Journal of clinical laboratory analysis

Comparison of creatinine and specific gravity for hydration corrections on measurement of the tobacco-specific nitrosamine 4-(methylnitrosamino)-1-(3-pyridyl)-1-butanol (NNAL) in urine.

PMID 24648246


Tobacco-specific carcinogen 4-(methylnitrosamino)-1-(3-pyridyl)-1-butanol (NNAL) was measured in all participants aged 6 years and older from the Centers for Disease Control and Prevention's National Health and Nutrition Examination Survey 2007-2008. The suitability of using creatinine or specific gravity for urinary NNAL correction in exposure assessment is examined in this study. Effects of both specific gravity and creatinine correction on urinary NNAL among smokers were investigated with multiple linear regression models using either normalization or the fitting of creatinine and specific gravity in the model as covariates. When log-scaled NNAL was normalized by either creatinine or specific gravity, R(2) was slightly higher for creatinine than for specific gravity (R(2) = 0.1694 and 0.1439, for creatinine and specific gravity, respectively). When log-scaled NNAL was normalized by both factors, the R(2) was improved (R(2) = 0.2068). When specific gravity or creatinine was included as a covariate separately in the models, they were highly significant factors (P < 0.001, R(2) = 0.2226 and 0.1681 for creatinine and specific gravity, respectively). However, when both were included in the model as covariates, creatinine remained highly significant (P < 0.001), whereas the significance of specific gravity was eliminated (P = 0.4294). This study confirms significant relationships between NNAL concentrations and both urine creatinine and specific gravity. We conclude that creatinine is the more influential and preferred variable to account for urine dilution in tobacco-specific nitrosamine exposure assessment.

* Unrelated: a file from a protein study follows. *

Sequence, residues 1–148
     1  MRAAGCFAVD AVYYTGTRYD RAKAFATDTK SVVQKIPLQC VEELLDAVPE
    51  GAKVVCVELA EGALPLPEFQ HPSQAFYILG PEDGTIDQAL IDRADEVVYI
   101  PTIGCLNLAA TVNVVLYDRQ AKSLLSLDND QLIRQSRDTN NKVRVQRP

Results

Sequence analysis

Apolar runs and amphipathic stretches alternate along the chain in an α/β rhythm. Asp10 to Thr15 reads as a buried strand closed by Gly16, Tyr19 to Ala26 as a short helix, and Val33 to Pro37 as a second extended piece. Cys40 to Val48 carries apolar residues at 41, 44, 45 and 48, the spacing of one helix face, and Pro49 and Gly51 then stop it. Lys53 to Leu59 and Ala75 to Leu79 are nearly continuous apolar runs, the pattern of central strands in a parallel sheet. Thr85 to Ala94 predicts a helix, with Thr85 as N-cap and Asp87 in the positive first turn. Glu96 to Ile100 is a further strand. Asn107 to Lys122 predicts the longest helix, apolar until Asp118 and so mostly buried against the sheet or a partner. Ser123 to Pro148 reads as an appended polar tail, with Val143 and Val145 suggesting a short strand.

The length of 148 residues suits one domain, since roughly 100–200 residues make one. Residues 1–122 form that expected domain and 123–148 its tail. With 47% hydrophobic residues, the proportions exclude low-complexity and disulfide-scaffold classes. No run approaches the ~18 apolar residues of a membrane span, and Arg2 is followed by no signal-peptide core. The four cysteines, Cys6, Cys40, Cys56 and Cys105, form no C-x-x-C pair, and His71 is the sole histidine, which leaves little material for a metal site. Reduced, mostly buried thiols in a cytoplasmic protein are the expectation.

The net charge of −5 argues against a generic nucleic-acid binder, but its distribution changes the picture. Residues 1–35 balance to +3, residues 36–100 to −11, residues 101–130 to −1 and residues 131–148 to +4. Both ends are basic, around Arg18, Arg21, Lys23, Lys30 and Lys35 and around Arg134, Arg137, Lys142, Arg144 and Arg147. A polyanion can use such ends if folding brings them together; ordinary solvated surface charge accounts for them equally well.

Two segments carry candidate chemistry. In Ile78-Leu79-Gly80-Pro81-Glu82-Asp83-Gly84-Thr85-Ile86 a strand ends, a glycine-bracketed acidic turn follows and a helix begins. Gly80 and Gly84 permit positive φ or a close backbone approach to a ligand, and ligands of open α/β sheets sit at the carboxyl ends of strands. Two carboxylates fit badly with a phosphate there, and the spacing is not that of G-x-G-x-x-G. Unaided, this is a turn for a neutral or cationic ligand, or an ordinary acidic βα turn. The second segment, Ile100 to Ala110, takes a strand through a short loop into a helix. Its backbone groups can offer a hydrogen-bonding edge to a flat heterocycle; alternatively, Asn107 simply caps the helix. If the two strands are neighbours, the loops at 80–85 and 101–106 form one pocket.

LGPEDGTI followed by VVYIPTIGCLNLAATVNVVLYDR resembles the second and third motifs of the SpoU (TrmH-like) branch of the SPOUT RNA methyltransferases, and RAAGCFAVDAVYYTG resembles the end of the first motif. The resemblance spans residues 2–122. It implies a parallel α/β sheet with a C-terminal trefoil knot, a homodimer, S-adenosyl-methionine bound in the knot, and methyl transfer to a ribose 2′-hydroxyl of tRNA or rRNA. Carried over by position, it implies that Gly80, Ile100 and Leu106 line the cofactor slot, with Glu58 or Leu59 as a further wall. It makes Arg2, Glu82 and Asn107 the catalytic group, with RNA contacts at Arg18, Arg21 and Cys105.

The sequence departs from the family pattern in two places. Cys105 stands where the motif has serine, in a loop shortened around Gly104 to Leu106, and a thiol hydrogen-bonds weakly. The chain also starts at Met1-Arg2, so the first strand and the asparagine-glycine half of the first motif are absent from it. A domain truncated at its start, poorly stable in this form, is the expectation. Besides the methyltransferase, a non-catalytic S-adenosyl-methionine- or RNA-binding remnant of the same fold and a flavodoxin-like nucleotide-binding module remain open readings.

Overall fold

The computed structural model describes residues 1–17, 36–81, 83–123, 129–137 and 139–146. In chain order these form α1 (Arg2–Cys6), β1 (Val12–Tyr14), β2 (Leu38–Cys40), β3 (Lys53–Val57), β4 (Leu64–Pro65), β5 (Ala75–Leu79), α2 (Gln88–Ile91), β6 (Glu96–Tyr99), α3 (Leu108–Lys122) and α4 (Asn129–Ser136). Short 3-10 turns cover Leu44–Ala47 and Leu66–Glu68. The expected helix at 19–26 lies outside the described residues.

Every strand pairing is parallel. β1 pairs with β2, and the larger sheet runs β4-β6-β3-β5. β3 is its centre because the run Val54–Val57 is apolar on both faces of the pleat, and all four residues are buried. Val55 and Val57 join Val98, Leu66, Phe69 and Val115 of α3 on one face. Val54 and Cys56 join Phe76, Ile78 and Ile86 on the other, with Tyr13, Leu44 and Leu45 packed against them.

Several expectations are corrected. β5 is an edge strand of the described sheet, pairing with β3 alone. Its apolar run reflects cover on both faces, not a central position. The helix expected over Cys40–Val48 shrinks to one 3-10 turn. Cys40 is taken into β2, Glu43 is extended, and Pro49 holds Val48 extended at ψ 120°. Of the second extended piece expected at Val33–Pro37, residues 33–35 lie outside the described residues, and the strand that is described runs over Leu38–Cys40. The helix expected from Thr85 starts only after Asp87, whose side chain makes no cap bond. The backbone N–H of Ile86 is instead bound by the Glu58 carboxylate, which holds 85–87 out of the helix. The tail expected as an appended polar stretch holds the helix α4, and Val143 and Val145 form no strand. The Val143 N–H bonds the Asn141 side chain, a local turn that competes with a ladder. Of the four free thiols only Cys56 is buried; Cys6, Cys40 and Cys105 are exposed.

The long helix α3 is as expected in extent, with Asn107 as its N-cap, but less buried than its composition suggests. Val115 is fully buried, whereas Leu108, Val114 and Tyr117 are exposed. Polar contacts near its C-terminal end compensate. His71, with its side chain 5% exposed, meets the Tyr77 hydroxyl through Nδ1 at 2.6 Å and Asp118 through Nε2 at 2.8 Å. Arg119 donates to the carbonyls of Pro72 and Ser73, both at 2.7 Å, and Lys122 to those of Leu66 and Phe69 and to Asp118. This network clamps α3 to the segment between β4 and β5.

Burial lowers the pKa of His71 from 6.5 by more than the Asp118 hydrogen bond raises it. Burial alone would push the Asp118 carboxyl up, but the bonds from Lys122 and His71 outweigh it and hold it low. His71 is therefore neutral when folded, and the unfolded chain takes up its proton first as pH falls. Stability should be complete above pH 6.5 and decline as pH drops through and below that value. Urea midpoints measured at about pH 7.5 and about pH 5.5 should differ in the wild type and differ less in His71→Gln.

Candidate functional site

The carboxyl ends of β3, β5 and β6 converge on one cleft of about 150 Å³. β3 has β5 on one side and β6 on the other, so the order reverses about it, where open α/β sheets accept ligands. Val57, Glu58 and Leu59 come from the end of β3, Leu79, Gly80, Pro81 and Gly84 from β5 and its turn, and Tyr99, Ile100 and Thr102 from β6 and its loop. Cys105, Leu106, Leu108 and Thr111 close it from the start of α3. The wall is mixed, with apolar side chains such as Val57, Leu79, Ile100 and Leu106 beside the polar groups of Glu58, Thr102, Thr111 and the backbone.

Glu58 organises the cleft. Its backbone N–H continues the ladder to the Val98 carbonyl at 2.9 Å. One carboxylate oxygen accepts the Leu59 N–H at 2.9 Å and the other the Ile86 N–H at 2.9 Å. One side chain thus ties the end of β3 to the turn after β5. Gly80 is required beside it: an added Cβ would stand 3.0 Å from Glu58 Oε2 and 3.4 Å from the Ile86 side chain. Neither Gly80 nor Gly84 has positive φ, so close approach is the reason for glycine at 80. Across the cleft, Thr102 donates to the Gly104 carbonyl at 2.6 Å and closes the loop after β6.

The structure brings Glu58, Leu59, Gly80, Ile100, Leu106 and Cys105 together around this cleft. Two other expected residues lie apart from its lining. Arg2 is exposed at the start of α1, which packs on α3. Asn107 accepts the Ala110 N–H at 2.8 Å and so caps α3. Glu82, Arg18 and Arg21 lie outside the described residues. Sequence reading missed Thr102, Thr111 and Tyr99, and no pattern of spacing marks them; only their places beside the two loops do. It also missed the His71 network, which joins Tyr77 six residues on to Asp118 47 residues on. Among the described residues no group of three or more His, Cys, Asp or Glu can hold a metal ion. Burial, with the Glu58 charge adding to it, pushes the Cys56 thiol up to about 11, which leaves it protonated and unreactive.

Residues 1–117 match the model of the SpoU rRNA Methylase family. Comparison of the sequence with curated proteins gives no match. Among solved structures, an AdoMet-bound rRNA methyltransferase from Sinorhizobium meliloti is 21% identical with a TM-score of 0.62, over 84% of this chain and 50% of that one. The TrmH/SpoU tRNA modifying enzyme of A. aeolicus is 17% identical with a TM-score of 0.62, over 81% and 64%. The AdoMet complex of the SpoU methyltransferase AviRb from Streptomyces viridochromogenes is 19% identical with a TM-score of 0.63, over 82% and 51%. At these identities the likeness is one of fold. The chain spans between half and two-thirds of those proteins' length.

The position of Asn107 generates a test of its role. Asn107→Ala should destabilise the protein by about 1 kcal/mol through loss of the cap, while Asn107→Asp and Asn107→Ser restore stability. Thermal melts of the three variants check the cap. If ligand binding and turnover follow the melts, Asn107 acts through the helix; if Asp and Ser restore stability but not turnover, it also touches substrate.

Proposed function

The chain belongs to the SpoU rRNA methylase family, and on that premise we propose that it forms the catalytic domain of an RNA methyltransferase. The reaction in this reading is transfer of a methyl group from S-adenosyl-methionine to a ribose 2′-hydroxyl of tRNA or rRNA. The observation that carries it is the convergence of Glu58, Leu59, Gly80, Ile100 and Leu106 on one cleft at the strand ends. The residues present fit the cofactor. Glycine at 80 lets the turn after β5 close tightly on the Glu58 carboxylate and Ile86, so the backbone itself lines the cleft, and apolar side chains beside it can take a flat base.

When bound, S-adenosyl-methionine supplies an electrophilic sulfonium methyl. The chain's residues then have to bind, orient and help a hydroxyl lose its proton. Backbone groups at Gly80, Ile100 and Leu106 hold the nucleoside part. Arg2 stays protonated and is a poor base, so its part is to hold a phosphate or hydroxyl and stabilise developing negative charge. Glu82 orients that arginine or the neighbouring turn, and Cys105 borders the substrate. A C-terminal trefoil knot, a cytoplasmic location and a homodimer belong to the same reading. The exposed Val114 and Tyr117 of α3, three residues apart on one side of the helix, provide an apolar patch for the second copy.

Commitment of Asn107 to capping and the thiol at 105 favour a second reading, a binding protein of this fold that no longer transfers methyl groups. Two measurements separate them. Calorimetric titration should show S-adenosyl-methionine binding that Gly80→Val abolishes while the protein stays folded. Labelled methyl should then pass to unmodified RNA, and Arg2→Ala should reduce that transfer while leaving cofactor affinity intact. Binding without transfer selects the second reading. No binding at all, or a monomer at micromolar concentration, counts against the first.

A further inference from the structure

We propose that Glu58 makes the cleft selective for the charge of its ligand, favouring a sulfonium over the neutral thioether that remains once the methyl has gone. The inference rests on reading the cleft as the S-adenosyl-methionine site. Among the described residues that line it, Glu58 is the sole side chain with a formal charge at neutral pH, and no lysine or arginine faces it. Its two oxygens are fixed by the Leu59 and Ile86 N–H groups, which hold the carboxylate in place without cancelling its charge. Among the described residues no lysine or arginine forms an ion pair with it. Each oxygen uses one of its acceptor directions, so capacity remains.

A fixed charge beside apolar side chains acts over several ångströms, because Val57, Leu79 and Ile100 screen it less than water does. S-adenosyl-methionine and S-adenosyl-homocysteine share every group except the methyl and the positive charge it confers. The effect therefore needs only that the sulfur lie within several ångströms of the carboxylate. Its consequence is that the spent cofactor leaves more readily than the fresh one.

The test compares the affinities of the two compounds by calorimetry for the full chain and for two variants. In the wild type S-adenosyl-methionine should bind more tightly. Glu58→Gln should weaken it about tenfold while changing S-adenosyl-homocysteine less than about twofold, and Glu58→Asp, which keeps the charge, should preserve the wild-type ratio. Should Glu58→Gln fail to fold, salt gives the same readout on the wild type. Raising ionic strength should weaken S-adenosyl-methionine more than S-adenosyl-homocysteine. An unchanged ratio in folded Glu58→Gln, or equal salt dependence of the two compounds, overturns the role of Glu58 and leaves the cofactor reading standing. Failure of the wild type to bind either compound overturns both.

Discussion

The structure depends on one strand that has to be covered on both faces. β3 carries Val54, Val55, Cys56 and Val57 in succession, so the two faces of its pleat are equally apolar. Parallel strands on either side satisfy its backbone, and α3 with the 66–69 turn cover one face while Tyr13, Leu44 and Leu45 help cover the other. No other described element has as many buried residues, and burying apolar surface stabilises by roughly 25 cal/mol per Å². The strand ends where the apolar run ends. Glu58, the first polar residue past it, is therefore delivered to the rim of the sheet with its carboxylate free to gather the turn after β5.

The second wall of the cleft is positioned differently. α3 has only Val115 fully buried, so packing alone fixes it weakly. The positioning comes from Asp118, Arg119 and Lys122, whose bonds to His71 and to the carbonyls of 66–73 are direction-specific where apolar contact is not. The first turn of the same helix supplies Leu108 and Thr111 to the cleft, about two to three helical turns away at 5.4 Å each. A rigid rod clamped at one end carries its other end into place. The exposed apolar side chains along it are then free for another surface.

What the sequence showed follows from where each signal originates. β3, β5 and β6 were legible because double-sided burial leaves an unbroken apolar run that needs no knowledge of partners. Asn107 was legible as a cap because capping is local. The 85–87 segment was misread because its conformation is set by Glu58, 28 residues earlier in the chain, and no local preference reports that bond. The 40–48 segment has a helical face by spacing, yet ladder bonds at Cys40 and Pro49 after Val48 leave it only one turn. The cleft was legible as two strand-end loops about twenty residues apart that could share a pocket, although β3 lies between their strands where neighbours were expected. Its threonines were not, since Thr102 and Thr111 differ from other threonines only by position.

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4-(Methylnitrosamino)-1-(3-pyridyl)-1-butanol, analytical standard